Have We Forsaken Quality and Professionalism for Technological Convenience in the Training of Lawyers in the 21st Century? The ‘Flexible Learning' Paradigm

Have We Forsaken Quality and Professionalism for Technological Convenience in the Training of Lawyers in the 21st Century? The ‘Flexible Learning' Paradigm

Gaye Lansdell (Monash University Law Faculty, Australia)
DOI: 10.4018/978-1-60566-874-1.ch007
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Abstract

Critical questions and issues face legal educators as a result of the challenges and opportunities provided by the advent of information technology. This chapter focuses on the introduction of online learning environments in the legal education context primarily at the point of pre-admission practical legal training. It queries whether parallels can be drawn between changes in technology and changes in the learning and training of lawyers. In turn, it considers whether such changes are for the benefit of the students, their intended profession and the society it is supposed to serve. Can the important communication skills, the cornerstone of legal work, be obtained through flexible delivery modes? What are the perceived limitations, disadvantages of such programs and do they outweigh the advantages? Can the professional ethos of lawyering be conveyed and developed adequately by an online training program? In this context, the literature pertaining to online delivery in the area of legal education is considered. The writer also reflects on observations of teaching instructors in both the on-campus and online courses of the Postgraduate Diploma of Legal Practice, Skills and Ethics (PDLP) at Monash University. The chapter considers course evaluations administered to cohorts of PDLP students. Finally, the chapter proposes the preferred way forward for virtual communicators in producing online programs in this area.
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Introduction

This chapter focuses on the introduction of online learning environments in the law school context, primarily at the point of pre-admission practical legal training. Practical legal training, or PLT, is the end stage of law qualifications for students wishing to practice law. It is either fulfilled by articles of clerkship, or traineeships, and/or by completion of a course covering practical skills and competencies across common legal transactional areas. Such courses are offered by universities or by private organisations in Australia (Department of Justice, 2006). The chapter queries whether parallels can be drawn between changes in technology and changes in the learning and training of lawyers. In turn, it considers whether such changes are for the benefit of the students, their intended profession and the society it is supposed to serve.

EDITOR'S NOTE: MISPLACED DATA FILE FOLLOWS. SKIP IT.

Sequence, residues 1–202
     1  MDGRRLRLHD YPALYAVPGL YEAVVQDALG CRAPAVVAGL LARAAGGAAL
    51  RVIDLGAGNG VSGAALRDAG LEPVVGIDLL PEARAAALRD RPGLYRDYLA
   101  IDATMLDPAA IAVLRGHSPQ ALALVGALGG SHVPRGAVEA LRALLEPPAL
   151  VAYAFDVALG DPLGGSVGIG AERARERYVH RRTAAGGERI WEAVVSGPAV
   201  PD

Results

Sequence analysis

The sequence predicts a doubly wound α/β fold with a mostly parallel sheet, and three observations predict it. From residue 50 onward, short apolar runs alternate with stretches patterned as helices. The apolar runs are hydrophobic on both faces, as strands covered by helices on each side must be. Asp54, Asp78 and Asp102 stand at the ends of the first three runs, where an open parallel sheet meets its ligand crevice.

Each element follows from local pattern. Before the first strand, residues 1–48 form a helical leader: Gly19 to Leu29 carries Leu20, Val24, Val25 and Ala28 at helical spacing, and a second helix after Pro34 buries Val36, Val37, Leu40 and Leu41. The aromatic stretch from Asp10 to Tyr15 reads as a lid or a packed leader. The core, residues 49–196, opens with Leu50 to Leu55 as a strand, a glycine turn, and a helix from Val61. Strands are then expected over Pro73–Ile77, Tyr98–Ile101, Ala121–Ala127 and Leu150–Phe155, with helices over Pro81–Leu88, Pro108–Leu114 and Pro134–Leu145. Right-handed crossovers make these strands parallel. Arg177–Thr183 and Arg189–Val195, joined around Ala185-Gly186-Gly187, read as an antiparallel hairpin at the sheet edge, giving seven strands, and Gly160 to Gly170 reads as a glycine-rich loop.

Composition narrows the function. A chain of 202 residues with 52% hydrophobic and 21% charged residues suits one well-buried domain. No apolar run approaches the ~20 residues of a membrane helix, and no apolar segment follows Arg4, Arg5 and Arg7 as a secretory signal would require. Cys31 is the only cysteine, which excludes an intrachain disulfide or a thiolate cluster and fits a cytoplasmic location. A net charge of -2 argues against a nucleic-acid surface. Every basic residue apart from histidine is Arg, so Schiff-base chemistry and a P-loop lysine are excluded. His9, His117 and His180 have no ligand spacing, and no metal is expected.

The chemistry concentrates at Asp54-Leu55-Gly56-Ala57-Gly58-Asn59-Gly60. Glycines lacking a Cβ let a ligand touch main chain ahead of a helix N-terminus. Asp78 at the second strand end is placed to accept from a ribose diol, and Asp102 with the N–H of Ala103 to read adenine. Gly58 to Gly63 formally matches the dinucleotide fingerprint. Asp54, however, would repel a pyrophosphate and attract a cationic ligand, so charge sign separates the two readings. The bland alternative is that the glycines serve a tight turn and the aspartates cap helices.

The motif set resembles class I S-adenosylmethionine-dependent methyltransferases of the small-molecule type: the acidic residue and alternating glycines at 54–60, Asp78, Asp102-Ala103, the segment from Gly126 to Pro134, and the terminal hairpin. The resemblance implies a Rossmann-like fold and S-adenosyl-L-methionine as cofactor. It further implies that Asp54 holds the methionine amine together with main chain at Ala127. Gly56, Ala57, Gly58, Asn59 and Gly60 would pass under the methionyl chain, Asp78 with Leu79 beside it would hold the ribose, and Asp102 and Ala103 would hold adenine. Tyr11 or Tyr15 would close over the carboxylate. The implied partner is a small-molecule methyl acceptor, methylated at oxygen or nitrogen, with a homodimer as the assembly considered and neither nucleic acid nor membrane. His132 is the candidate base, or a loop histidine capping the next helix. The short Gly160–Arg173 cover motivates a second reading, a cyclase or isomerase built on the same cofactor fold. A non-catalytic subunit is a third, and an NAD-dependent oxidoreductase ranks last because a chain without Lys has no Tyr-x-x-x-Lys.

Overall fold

The so-called loss of professionalism (Farrow, 2008; Thornton, 2007) of modern lawyers is arguably a direct result of changes in pedagogy in law faculties characterised by the increasing move away from the teaching of law as a vocation back towards the classic liberal model of university education evincing a perceived gulf between law schools and the profession. There is a tendency in the liberal legal education model to see the mission of universities as preparing “good citizens or better persons rather than good lawyers” (Burridge & Webb, 2007, p. 74-5). Zerelli (2008) also laments the fact that the current way in which law is taught in Australia means that its transformative potential is being lost to an informational only type qualification because the law degree has become so highly liberalised so as to almost “replace the arts degree” (p.107). In this context, the content and depth of legal doctrine that is taught has been ‘watered’ down. Technological advances arguably reinforce this restricted model and threaten the development of a professional ethos. This is due to the relative ease of converting liberal curricula as opposed to vocational based courses to online programs. Professionalism is threatened by the difficulty of inculcating cultural and professional legal values in an online context.

Online training poses challenges in the legal arena. Can the important communication skills, the cornerstone of legal work, be obtained through flexible delivery modes? What are the perceived limitations, disadvantages of such programs and do they outweigh any advantages? Is the quality of practical training programs threatened by the move to flexible learning paradigms? Can the professional ethos of lawyering be conveyed and developed adequately by an online training program? Considering the efficacy and appropriateness of flexible learning options in the field of legal education at the pre-admission practical legal training level, this chapter will argue that as a bare minimum, a blended learning design with a combination of online components supplemented with regular face-to-face sessions and feedback on assessment tasks is required to inculcate the important professional legal skills and values. Moreover, this model of training will generally enhance the well-being of the profession and its professional standing in the community. In coming to this conclusion, the observations of teaching instructors over approximately six years for the on-campus and three years for the online offerings of the Postgraduate Diploma of Legal Practice, Skills and Ethics (PDLP) at Monash University, in Victoria, Australia, will be considered. The chapter will also examine course evaluations administered to cohorts of students in the PDLP from 2005-2007. Finally, the chapter will propose some best practices for online delivery in practical legal training and the preferred way forward for the virtual communicators in producing such programs.

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